This week on CounterSpin: In the immediate wake of the September 1, 2001, attacks, a military official told the Washington Post of the newly minted “war on terror”: “This is the most information-intensive war you can imagine. . . . We’re going to lie about things.” If reporters don’t evidence skepticism after a declaration like that, it says more about them than anyone or anything else.
But US elite news media did the opposite of what you would hope for from an independent press corps in a country launching an illegal and baseless invasion, whose leaders had announced in advance they would lie to support it. You can dig out the reality if you read, but if you rely on the same media you were looking at 2003, you will be equally misled, and in the same, frankly, boring ways you were before: The US is great and only wants democracy; other countries are bad, and if our reasons for invading them and replacing their leadership with folks we like better, and killing anyone who doesn’t agree with that, don’t add up, well, we’ll come up with others later, and you’ll swallow those too.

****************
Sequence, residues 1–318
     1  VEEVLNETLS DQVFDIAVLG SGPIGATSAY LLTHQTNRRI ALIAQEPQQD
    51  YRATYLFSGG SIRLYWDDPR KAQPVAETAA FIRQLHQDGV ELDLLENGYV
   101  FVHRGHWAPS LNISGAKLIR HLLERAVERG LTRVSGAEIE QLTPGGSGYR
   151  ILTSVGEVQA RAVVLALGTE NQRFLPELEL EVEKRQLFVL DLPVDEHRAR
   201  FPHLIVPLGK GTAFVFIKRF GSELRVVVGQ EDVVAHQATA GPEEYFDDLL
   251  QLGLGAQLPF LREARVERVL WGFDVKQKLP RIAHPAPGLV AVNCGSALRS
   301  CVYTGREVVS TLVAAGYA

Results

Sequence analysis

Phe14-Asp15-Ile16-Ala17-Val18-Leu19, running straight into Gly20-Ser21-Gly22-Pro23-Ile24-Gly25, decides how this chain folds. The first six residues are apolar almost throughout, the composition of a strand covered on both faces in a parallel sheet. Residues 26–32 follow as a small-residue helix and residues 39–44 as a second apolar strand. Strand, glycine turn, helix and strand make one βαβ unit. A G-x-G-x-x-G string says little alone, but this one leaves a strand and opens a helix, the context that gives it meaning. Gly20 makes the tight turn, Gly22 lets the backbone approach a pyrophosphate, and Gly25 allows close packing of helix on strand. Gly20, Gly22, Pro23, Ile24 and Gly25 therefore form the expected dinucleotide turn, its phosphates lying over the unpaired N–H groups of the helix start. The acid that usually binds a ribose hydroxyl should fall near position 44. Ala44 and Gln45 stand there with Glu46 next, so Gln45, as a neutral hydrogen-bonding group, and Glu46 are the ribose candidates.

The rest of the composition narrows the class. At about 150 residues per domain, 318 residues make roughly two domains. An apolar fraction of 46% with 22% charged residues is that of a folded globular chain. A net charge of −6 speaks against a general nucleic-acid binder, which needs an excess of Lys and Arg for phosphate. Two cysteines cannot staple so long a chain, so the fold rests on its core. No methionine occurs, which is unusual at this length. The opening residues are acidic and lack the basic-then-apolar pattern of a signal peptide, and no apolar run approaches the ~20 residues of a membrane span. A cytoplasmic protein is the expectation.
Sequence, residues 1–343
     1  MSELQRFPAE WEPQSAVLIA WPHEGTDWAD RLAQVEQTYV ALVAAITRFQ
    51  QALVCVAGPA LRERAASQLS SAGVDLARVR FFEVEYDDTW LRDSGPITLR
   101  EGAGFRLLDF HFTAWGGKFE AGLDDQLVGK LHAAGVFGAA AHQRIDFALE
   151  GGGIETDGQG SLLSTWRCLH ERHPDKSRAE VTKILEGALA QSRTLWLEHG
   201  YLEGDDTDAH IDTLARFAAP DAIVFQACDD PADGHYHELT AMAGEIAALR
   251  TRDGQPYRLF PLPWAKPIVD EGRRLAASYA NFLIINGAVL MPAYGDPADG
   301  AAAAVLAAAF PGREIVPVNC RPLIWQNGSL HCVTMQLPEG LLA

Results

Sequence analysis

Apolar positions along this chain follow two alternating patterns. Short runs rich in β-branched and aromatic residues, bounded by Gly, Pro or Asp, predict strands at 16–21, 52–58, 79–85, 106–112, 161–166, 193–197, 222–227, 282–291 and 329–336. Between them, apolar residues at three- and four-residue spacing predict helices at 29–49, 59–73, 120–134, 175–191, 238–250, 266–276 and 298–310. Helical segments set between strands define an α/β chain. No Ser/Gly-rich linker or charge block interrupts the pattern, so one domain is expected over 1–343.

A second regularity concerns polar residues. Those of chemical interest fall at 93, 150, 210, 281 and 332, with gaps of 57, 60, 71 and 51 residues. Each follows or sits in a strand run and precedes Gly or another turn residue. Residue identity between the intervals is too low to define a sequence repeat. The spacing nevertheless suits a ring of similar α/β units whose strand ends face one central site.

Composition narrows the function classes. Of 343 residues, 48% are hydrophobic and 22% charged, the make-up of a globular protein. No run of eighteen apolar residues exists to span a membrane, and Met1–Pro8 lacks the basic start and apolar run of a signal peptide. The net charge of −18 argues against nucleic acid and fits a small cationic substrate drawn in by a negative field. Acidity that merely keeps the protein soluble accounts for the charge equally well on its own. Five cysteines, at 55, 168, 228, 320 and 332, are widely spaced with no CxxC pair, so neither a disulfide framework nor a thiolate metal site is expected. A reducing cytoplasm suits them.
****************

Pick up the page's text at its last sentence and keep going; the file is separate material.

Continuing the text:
What passes for debate about why we must remain at some kind of war—cold, hot, corporate, stealth, acknowledged, denied—with Russia or China or whomever else is designated tomorrow, has roots worth studying in 2003. We’ll talk about it with author, critic and longtime friend of FAIR Norman Solomon.
Plus Janine Jackson takes a quick look back at media coverage of ex-FCC nominee Gigi Sohn.
The post Norman Solomon on the Iraq Invasion, 20 Years Later appeared first on FAIR.
This content originally appeared on FAIR and was authored by Fairness & Accuracy In Reporting.